Brad explained to us how the demand for portrait busts attracted foreign artists and shared photographs of Coffee’s work, in which subjects were depicted with long necks and a scooped-out area in back. Brad believed that Coffee went to Monticello in the fall of 1817 to sculpt Thomas Jefferson as well as Jefferson’s daughter and granddaughter. Jefferson was so pleased with the results that he recommended him to friends and neighbors, including James Madison, who invited Coffee to produce likenesses of his family. On July 14, 1818, Coffee submitted a bill of $105 for terracottas of Madison, Mrs. Madison, and John Payne Todd, her son by a previous marriage. Later, Jefferson asked Coffee to make busts of his other grandchildren. Two of these terracottas have survived, but, as Brad noted in his article, “None of the Madison busts are known today.”
We both enjoyed sculpture and were buying and selling eighteenth- and early-nineteenth-century French faience and porcelain, when, in 1987, during our weekly rounds of auctions, we spotted a small terracotta bust of a woman in a crowded showcase (fig. 12). Thinking it might be French, we had a closer look. A victim of neglect, the lady had a broken neck and was covered with dust, yet her face remained remarkably unscarred. She seemed like the work of an artist of the late 1920s or early 1930s, but on her back was incised “EX PRESIDENT, MRS. MADISON.” Was this one of the long-lost family busts by William John Coffee?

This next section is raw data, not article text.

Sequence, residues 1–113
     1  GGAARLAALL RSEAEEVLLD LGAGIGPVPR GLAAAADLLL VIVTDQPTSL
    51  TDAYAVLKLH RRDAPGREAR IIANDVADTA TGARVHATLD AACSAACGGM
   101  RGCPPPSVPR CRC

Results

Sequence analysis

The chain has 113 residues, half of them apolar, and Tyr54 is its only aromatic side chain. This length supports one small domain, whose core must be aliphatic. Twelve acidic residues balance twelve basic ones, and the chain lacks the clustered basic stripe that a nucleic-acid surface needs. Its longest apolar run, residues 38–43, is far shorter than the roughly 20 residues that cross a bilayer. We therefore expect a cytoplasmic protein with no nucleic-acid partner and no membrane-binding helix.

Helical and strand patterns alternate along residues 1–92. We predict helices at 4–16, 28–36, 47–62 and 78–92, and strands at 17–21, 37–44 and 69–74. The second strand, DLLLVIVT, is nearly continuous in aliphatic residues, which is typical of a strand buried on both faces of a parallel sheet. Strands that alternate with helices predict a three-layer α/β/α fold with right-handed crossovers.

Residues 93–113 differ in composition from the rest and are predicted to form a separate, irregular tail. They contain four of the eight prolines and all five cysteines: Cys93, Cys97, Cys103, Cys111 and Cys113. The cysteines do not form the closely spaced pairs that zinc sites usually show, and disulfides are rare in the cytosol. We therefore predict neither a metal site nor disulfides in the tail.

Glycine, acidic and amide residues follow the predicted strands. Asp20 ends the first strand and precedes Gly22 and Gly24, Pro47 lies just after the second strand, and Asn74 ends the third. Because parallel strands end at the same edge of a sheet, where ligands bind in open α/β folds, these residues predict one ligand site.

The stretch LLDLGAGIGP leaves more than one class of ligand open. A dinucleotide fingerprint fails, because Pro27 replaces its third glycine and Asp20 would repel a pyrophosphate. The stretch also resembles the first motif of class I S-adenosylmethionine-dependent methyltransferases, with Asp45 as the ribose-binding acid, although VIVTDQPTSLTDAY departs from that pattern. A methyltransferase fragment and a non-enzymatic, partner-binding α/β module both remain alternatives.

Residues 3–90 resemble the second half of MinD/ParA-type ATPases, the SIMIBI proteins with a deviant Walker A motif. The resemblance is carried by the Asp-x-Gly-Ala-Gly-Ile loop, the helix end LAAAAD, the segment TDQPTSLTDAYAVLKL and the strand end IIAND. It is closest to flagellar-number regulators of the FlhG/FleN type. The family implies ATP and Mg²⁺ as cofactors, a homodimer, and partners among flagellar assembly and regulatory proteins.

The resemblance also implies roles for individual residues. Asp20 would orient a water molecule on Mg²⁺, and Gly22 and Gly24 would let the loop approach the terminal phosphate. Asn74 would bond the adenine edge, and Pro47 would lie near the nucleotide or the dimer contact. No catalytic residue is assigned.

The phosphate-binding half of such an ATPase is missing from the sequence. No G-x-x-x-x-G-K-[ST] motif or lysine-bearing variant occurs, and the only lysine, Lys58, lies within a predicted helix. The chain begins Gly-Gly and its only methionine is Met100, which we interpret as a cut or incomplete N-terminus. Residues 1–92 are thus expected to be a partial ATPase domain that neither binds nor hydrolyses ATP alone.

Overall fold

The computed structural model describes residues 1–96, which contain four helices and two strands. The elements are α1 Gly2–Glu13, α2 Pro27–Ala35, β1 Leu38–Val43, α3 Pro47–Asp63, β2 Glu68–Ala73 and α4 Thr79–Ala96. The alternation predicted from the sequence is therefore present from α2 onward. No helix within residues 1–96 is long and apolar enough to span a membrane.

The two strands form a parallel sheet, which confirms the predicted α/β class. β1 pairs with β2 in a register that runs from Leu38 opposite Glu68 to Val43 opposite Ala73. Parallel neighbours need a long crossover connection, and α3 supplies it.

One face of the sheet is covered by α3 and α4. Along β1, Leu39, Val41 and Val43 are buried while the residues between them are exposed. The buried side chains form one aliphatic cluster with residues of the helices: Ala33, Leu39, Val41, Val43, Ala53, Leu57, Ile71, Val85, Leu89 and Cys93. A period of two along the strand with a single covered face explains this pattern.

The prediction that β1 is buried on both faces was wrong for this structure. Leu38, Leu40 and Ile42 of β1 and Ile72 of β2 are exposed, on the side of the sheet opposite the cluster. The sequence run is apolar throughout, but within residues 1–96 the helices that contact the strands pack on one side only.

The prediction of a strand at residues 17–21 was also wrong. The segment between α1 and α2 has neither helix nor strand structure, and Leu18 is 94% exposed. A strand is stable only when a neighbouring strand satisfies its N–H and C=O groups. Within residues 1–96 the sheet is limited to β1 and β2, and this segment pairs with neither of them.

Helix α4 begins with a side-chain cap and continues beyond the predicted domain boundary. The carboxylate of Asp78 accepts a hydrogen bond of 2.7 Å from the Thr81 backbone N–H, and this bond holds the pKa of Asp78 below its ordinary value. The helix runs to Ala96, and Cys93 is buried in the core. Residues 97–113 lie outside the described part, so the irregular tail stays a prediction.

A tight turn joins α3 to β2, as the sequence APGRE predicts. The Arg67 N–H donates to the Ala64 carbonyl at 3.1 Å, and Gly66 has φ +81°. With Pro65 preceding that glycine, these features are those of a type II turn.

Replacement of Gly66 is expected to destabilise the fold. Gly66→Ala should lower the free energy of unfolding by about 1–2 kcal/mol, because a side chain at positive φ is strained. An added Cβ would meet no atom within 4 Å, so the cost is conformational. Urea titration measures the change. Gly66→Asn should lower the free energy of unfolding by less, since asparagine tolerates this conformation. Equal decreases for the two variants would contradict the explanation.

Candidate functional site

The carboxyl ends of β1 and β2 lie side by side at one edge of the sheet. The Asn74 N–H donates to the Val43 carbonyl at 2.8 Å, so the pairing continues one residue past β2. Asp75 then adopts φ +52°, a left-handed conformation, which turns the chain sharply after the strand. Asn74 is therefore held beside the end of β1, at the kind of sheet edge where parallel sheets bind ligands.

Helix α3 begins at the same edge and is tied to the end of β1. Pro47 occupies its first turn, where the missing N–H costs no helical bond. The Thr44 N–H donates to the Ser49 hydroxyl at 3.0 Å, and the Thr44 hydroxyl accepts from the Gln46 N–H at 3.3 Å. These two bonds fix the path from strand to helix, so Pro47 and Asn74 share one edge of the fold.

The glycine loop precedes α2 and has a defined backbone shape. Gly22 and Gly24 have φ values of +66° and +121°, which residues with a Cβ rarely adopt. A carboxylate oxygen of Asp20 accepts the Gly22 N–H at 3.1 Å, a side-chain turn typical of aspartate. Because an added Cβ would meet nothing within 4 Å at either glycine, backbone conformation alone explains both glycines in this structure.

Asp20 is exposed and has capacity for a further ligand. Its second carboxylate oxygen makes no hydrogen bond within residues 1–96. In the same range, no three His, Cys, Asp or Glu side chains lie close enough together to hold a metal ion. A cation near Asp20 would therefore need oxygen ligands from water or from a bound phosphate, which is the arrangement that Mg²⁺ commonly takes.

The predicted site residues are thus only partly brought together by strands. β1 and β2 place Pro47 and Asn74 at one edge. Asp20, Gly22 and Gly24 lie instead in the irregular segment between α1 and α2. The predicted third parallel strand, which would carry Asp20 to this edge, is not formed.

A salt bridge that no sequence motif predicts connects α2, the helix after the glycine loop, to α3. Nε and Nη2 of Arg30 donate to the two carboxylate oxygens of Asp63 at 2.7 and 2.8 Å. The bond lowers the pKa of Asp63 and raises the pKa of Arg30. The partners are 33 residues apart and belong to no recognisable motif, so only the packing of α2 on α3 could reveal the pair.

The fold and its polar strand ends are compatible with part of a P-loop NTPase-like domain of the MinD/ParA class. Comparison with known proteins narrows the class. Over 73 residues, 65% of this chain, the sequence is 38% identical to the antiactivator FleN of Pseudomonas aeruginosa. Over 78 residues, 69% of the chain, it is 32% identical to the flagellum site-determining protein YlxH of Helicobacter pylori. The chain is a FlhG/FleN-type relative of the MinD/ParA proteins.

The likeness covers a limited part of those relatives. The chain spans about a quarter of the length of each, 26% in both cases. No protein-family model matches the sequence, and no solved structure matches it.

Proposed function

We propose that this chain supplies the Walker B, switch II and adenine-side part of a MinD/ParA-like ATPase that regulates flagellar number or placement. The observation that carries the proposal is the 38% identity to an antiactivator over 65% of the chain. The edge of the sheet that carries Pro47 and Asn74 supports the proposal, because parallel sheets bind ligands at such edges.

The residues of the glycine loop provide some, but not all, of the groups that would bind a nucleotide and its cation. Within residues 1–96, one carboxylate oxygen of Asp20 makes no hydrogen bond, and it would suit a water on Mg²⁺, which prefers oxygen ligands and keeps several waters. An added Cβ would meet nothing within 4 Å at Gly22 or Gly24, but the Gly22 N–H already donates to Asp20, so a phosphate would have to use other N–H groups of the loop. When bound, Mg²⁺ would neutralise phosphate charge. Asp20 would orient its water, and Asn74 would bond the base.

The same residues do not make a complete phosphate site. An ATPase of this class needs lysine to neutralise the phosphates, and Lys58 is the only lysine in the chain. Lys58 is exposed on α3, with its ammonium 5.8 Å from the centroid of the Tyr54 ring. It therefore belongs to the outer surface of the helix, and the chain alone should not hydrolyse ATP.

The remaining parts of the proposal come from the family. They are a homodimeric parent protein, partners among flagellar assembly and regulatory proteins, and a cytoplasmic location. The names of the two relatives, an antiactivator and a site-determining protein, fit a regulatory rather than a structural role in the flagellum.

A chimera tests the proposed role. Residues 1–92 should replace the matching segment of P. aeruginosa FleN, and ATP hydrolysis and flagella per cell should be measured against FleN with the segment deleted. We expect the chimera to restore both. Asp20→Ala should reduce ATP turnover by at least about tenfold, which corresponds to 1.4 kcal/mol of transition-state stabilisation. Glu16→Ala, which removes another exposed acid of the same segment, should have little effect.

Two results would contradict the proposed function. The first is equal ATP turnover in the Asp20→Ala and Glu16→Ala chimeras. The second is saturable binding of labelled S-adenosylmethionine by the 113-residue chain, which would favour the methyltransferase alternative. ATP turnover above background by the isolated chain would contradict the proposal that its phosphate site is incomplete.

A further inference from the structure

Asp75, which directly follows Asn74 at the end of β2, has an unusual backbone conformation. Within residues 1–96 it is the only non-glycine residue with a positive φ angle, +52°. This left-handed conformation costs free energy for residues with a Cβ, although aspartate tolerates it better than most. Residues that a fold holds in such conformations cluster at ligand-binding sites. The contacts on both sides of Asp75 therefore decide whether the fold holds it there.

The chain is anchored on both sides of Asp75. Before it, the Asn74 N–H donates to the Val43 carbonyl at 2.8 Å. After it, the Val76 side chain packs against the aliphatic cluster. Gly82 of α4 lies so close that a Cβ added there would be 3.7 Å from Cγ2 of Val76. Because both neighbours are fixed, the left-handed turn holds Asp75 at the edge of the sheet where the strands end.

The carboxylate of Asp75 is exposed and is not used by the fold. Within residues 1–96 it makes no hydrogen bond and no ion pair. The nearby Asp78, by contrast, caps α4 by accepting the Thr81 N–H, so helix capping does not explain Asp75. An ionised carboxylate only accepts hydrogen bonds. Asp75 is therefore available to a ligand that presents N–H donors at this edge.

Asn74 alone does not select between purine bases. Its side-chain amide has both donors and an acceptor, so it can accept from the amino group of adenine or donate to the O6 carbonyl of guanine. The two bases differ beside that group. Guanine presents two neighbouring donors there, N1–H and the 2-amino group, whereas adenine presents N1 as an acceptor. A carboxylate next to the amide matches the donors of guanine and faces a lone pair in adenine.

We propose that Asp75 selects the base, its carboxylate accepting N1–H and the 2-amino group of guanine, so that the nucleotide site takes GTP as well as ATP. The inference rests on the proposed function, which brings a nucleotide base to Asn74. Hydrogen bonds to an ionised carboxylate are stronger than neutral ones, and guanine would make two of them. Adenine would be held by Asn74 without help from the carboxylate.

Like other Coffee busts she was of relatively small size—13 inches high, including socle—and she had the requisite long neck and scooped-out back (fig. 13). While her pretty face might be considered idealized, Dolley Madison had been the queen of Washington society, even before her husband’s presidency. By the time we purchased the bust, we were convinced we owned a Coffee portrait.
Our next step was a no-brainer. The bust had to go to an important conservator, and we chose Steve Tatti, a specialist in sculpture, known for his studio’s work in New York as well as Washington, D.C. Meanwhile, Ed Sheppard, a knowledgeable dealer and friend, had been looking through a 1938 sale catalog of the Erskine Hewitt collection of Americana and discovered that our bust of Dolley had been lot 1127, with provenance dating back to Dolley herself, to her niece, and down in the family. Somehow, in the ensuing years, it had disappeared into the vast Sargasso Sea of possessions that every now and then reappear in estate sales.
As soon as the bust came back to us, we had it photographed and placed an ad in Antiques. Not wanting to play favorites, we sent sixteen letters simultaneously to museum curators and collectors, but a private person snapped it up from the ad. We provided her with the provenance and delivered it to her home. She told us she intended to donate it to Montpelier, the restored residence of the Madisons in Orange, Virginia, and it is currently on display there.
We have never seen another Coffee bust for sale, but considering his output over a period of more than ten years, it is likely that eventually one will surface. Now that we are familiar with the hand of the artist, we are prepared to pounce.
Johannes Neesz Horseman Plate